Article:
She is a member of a number of committees and working groups, including the Scientific Resource Group on Equity and Health Analysis and Research, World Health Organisation; the Aboriginal and Torres Strait Islander Health and Research Advisory Committee of the National Health and Medical Research Council (NHMRC); the Advisory Group on Aboriginal and Torres Strait Islander Statistics (AGATSIS), the Indigenous Technical Panel (ITP) and the Australian Health Survey Reference Group at the Australian Bureau of Statistics (ABS). She is Deputy Chairperson for the Australian Health Ministers' Advisory Council’s National Advisory Group on Aboriginal & Torres Strait Islander Health Information and Data (NAGATSIHID).
Mr Robin Lonergan, Director
Mr Robin Lonergan, a lawyer whose area of practice includes contract, commercial and corporate law, is a partner at TressCox Lawyers in Brisbane. He is the honorary advisor to the Congress of Aboriginal and Torres Strait Islander Nurses Inc., and has provided advice on the incorporation of the company limited by guarantee and on negotiations with additional service providers. Mr Lonergan is a Director of the Queensland Program of Assistance for the Survivors of Torture and Trauma, which provides assistance to refugees, and has served as a Director on the Queensland Philharmonic Orchestra and the South Brisbane Immigration and Community Legal Service Boards. He provides legal advice to Aboriginal community organisations including the Brisbane Indigenous Media Association and other not-for-profit organisations.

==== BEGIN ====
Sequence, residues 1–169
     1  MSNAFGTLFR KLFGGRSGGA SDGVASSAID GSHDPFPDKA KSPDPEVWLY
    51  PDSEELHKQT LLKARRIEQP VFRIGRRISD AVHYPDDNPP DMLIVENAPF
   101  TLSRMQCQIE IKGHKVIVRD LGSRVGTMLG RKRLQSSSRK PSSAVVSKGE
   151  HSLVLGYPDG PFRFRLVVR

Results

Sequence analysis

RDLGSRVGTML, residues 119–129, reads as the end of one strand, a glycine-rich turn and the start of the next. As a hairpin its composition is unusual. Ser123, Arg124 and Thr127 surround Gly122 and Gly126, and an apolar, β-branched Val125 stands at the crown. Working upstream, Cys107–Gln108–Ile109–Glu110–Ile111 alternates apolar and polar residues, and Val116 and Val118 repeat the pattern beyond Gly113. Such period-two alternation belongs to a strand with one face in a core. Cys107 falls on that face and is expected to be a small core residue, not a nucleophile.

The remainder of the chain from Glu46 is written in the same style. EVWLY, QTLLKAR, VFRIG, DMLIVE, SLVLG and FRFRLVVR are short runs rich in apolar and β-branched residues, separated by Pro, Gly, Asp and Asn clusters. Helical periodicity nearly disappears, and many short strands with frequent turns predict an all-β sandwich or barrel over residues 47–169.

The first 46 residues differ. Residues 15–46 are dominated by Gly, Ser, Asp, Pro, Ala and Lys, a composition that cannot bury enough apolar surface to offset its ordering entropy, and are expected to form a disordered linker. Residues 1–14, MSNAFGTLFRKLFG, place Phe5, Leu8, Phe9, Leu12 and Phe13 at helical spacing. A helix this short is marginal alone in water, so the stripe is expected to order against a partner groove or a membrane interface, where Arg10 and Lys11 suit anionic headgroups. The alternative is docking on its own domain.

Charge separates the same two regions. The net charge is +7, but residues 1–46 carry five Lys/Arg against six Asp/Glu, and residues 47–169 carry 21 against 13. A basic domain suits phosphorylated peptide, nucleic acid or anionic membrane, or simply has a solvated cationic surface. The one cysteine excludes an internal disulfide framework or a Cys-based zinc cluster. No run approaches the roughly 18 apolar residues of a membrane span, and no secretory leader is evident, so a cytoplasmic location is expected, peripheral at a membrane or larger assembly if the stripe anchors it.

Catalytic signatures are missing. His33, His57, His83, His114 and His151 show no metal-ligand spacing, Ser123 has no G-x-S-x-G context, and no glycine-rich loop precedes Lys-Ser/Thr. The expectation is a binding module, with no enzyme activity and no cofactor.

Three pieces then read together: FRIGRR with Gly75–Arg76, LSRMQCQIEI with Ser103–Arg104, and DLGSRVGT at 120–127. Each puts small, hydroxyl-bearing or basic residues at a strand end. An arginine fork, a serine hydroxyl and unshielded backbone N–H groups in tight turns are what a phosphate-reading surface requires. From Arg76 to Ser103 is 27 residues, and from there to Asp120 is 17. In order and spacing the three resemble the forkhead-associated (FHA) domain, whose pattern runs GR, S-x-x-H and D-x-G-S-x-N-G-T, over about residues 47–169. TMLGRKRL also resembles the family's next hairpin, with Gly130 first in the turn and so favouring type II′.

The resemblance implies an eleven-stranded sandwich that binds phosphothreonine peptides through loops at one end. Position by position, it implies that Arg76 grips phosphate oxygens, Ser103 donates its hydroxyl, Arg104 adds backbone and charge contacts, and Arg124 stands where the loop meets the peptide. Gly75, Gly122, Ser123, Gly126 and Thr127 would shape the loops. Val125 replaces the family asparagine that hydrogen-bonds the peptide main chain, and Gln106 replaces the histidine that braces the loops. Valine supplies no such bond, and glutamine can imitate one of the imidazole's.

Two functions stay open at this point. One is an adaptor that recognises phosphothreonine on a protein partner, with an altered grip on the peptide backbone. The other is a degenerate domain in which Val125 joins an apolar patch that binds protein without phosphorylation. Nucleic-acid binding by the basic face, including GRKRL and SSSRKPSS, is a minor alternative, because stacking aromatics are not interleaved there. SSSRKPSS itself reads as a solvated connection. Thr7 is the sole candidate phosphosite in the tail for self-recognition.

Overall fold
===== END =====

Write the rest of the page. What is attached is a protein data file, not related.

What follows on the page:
Dr Louise Morauta PSM, Director
Dr Louise Morauta comes originally from England and has an Honours degree in Sociology and a PhD in Social Anthropology from the London School of Economics. Based in Canberra, Dr Morauta has worked in the Commonwealth public service for more than 20 years, and has held senior executive positions in the departments of Prime Minister and Cabinet, Health and Ageing, and Finance. She has played a part in the development of social policy, Medicare benefits, pharmaceutical benefits and Commonwealth / State financing in the health sector.
In 2005 Dr Morauta was awarded the Public Service Medal for work on Australia’s health financing arrangements and the supply of blood and blood products. Following her retirement from the public service, Dr Morauta was appointed to the ACT Human Research Ethics Committee in January 2010.